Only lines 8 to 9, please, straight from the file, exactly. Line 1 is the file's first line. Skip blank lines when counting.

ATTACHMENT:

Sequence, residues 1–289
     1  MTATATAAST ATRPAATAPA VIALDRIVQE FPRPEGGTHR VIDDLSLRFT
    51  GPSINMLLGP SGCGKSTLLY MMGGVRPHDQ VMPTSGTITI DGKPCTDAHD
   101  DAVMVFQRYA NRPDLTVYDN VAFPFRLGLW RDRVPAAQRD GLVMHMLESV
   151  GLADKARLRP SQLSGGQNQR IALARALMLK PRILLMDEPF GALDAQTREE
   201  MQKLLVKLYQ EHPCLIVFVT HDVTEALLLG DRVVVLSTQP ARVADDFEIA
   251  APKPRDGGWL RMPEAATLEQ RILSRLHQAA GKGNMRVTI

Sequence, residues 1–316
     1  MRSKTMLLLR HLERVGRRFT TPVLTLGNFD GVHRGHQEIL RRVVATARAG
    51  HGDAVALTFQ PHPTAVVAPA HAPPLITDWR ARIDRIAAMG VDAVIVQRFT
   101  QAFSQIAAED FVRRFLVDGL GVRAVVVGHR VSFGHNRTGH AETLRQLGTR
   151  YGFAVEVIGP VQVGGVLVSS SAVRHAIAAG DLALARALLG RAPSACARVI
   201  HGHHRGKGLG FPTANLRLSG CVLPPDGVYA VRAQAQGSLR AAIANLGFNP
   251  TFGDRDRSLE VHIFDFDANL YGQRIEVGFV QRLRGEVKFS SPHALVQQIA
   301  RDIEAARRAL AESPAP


Sequence, residues 1–316
     1  MRSKTMLLLR HLERVGRRFT TPVLTLGNFD GVHRGHQEIL RRVVATARAG